I’m with you Grammaretto - texting isn’t a relationship. It’s just a cop out. Convenient occasionally but not at the expense of a hug and a proper chat.

ayokunmi1 Wed 14-Aug-19 10:16:23

Ask him.

smileymiley7 Wed 14-Aug-19 10:28:49

I think Bradfordlass72 has made an important point. Your son's mental health has not been good in the past and this is an illness. Like most people who have a major health problem he may be (understandably) only focused on himself and does not consider the implications for his nearest and dearest, not because he doesn't care but because when a person is ill they become very self absorbed and internally focussed. Also, I wouldn't rely on second hand information which often gets mis-interpreted and embellished (unintentionally). It probably makes sense to speak to your son or meet with him face to face to clear this up.

Coconut Wed 14-Aug-19 10:34:14

It is a very illogical response from your son so very difficult to offer advice. What would he do if you went to chat with him face to face ? Good luck ...

TrendyNannie6 Wed 14-Aug-19 10:38:06

There’s helping. And helping! He sounds very selfish. You have done an amazing job, why don’t you call him arrange to meet and have a heart to heart, it sounds to me as if you have spoilt him , and there’s an element of control on his part, you have a life don’t stand still because of him he’s taking you for a ride.

Tricia55 Wed 14-Aug-19 10:46:46

I fully sympathise with you Coco1, my youngest daughter has just turned 30, she has no intention of moving out.
I guess I brought it on myself, as she was very I'll in her childhood & teenage years, also bullying at school, for which other sibling say I spoilt her. Now it has come to bite back & she expects to run the house, if not all hell breaks loose.
My own health is not great, but I made a rod for my own back.
It's hard but sometimes we have to have tough love. There I've given myself a good talking too.🤣

Tricia55 Wed 14-Aug-19 10:47:29


Chinesecrested Wed 14-Aug-19 10:48:12

I'd be grateful he seems to be ok and not leaning on me any more. He'll be back when he wants something but in the meantime just enjoy the break.

Hm999 Wed 14-Aug-19 10:49:12

His issues presumably mean he doesn't see things the way others do. When he said that, what did his sister reply?

BusterTank Wed 14-Aug-19 11:04:09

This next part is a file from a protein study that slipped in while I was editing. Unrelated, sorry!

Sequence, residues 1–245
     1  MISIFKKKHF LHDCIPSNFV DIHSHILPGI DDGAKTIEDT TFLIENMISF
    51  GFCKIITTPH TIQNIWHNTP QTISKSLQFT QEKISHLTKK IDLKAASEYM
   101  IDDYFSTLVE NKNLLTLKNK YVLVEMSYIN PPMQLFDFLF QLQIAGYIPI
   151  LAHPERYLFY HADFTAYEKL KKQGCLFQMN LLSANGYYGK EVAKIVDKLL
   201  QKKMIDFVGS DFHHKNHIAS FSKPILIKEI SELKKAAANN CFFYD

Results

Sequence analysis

You have done your best and you have a life to lead . The odd phone call may not to go a miss . He has to realise he is a big boy now and needs to get a life for himself .

Barmeyoldbat Wed 14-Aug-19 11:25:23

Ungrateful so and so. Mental issues or not, you have a life and he needs to know this and that you will not sit around waiting for him to need you. Just tell him straight.

Jacks1 Wed 14-Aug-19 12:11:29

This is so selfish of him to treat u this way. Live your life and don't let him make u feel guilty for it. You have shown how much u care now it is his turn.

Jacks1 Wed 14-Aug-19 12:15:56

Today I'm feeling crushed. My husband is an alcoholic and he will not get any help. He wont do it for himself, me or his grandchildren. Been suffering and trying to help him for so long, he said he is going to leave and now I want him too as I cannot live like this anymore. Should I feel guilty and am I in the wrong as this is how he makes me feel.

Jennyluck Wed 14-Aug-19 13:42:02

The last time I saw my son, after quite a nasty tirade from him, I pointed out some of the things we’d done for him, he told me not the expect him to be grateful, as we’d only done what any parents would do.
I don’t expect any of our children to be grateful for any help we give them, we give it willingly, but I hope they appreciate our help.
Needless to say I haven’t seen my son since. I’ve given up waiting for an apology.

Coyoacan Wed 14-Aug-19 15:34:26


You should start your own thread, but in answer to your question, it is never too late to leave an alcoholic. A friend of mine split up from her husband at age 70 and never looked back.